Brad Pistotnik Law
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How Does Lack of Traction Contribute To a Jackknife Accident?

How Does Lack of Traction Contribute To a Jackknife Accident?

How does lack of traction contribute to causing a jackknife accident? What can truck drivers do to reduce their risk of these types of accidents? Any accident involving a jackknifed vehicle poses a significant risk to life and limb. When drivers lose traction, the risk of causing a jackknife accident increases significantly. Thus, preventing these accidents involves ensuring the vehicle's tires and brake systems are functioning properly and that drivers slow down and obey posted traffic laws and weather warnings.

The Role of Static and Sliding Friction in Jackknife Accidents

Static friction between the road and tires ensures that the tires remain in the correct position on the road. It may sound strange, but the tire is essentially static and unmoving at the point the rubber meets the road. This momentary friction is what keeps the vehicle grounded. The more static friction, the more control the driver has, and the less likely the vehicle is to slide out of the correct position.

Conversely, if the wheel doesn't have sufficient static friction, it can slide out of place. For example, when sliding on ice, rain, snow, gravel, or sand. Sliding friction is not as strong as static friction; thus, it is more difficult to control a vehicle once a slide begins. This sliding motion causes the misalignment between the truck and trailer that can result in a jackknife accident. Other factors that can contribute to these accidents include the weight of the truck, the curve of the road, steering errors, improperly secured cargo, and improper or insufficient application of brakes.

Preventing Jackknife Accidents

Because friction is the critical factor in causing jackknife accidents, truck drivers have a duty to other motorists to ensure their brakes, tires, steering, and suspension systems are in good condition. Drivers must also ensure their mirrors are properly positioned in order to monitor the motion of their trailer. When swaying is detected, or road conditions deteriorate, truck drivers are obligated to slow to a speed where they can regain and maintain control over their vehicle.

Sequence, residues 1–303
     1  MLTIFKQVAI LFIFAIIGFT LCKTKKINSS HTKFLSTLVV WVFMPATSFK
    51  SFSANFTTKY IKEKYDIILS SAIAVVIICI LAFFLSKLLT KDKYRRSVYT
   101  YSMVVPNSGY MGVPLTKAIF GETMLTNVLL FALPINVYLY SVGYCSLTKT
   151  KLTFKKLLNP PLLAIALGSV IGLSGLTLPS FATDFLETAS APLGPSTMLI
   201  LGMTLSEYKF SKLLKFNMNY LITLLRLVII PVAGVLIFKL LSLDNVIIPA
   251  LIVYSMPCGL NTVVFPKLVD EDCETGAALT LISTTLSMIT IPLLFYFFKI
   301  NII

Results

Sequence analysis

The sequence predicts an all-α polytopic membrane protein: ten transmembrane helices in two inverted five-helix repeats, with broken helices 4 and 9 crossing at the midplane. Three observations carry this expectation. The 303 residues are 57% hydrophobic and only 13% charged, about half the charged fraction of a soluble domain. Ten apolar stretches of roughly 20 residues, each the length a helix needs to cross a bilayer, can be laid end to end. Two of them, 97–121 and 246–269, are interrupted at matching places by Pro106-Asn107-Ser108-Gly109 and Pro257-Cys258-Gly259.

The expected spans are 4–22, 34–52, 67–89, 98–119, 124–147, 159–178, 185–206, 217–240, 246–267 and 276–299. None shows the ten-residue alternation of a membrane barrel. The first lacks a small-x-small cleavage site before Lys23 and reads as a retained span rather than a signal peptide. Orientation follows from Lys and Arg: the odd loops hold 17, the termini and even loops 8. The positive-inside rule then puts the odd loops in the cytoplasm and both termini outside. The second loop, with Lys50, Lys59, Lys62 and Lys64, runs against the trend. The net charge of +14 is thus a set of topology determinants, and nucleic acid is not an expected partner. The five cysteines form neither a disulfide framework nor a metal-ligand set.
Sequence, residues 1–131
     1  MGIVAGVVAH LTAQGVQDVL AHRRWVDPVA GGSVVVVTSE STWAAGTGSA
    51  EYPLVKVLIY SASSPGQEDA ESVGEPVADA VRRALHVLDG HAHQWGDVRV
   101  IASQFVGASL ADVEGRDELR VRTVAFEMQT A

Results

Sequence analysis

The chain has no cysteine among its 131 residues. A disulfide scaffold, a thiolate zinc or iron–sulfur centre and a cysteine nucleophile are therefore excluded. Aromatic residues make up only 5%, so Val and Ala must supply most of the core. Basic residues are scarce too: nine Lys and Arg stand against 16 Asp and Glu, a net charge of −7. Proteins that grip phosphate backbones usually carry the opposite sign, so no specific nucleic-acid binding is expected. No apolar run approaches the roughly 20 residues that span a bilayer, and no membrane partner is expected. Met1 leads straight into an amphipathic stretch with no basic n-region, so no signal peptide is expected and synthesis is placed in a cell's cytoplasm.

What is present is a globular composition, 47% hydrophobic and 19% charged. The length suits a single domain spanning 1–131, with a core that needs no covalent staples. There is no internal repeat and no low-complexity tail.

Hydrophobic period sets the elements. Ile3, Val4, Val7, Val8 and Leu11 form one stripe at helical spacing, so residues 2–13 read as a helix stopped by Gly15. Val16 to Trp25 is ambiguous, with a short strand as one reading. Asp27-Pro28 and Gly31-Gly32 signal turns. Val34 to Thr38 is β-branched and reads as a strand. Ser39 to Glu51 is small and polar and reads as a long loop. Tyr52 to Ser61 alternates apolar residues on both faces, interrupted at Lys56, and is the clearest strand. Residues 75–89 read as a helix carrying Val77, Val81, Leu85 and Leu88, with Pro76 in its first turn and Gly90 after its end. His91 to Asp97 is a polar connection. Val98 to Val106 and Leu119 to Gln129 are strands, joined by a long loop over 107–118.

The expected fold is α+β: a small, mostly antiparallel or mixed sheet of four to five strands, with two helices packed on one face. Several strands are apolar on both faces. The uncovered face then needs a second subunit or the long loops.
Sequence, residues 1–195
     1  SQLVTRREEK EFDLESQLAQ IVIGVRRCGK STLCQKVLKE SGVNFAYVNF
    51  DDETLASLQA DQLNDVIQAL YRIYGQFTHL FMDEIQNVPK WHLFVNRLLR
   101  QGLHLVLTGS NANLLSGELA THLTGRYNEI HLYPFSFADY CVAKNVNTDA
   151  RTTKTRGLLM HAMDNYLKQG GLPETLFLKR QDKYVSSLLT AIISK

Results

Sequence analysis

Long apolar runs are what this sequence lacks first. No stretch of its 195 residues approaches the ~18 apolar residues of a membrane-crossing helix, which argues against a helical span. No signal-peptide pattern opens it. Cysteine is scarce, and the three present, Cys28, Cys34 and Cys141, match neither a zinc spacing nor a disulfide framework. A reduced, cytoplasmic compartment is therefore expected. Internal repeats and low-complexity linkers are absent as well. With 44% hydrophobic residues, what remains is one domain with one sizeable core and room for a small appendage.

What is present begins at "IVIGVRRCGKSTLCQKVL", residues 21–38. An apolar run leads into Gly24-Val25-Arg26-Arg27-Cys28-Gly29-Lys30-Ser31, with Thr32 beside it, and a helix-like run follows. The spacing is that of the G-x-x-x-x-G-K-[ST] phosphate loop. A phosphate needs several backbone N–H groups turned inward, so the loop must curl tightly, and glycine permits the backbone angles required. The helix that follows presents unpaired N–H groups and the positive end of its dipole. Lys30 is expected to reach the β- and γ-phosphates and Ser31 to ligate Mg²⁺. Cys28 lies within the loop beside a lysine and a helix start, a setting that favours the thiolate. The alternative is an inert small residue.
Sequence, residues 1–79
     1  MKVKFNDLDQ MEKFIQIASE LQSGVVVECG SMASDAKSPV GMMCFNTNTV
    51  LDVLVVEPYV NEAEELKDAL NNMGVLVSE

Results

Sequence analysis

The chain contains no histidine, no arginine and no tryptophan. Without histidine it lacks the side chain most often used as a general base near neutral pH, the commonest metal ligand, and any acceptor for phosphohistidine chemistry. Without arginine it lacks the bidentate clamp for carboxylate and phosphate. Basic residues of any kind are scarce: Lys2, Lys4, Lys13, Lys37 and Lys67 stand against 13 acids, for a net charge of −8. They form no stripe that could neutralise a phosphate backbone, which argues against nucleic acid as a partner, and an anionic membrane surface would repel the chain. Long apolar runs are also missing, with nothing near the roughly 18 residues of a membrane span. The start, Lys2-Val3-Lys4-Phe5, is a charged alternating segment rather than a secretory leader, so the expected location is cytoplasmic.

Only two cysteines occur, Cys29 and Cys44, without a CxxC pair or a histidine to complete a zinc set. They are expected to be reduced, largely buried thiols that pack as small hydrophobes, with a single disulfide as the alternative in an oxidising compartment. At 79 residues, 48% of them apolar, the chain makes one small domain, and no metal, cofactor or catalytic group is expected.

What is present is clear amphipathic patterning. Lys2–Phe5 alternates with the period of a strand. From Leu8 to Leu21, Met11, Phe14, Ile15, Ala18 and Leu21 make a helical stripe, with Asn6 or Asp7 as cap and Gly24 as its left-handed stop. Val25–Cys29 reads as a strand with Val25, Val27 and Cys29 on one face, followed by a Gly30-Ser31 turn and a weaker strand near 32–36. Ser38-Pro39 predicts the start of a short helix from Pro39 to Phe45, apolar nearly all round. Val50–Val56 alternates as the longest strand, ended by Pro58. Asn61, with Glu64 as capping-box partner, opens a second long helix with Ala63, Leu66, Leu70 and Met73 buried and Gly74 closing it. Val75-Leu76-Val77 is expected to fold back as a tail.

Of course, technology can also assist in preventing jackknife accidents. Brake sensors, load-sensing regulators, and traction sensors are designed to alert drivers when friction between the road and the tire decreases or when brake pads are overheating. These sensors can adjust vehicle speed and braking pressure as needed until sufficient traction is restored. Similarly, anti-lock brakes are designed to apply short bursts of brake power in order to generate the friction required to maintain and regain control over the truck and trailer.

Truck Driver Liability in Jackknife Accidents

Truck drivers are responsible for maintaining complete control over their truck and trailer. The driver is responsible for the maintenance of the vehicle, as well as their actions behind the wheel. This includes their application of brake pressure, their driving behaviors, including the speed at which they take turns, their driving speed, and the adjustments they made (or didn't make) in response to low-light conditions, poor road conditions, etc. When a negligent truck driver injures motorists, a personal injury attorney in Kansas can pursue compensation for their personal injuries and property damage.

Contact Brad Pistotnik Law at 1-800-241-BRAD or call us on our local line at 316-684-4400. Brad Pistotnik is a large truck accident attorney who represents motor vehicle accident victims in Kansas, Nebraska, Missouri, and Texas. We can pursue independent contractors, trucking companies, and other parties responsible for your injuries and property damage. You can call Brad Pistotnik on his cell at 316-706-5020. You can reach Tony Atterbury on his cell at 316-617-9237.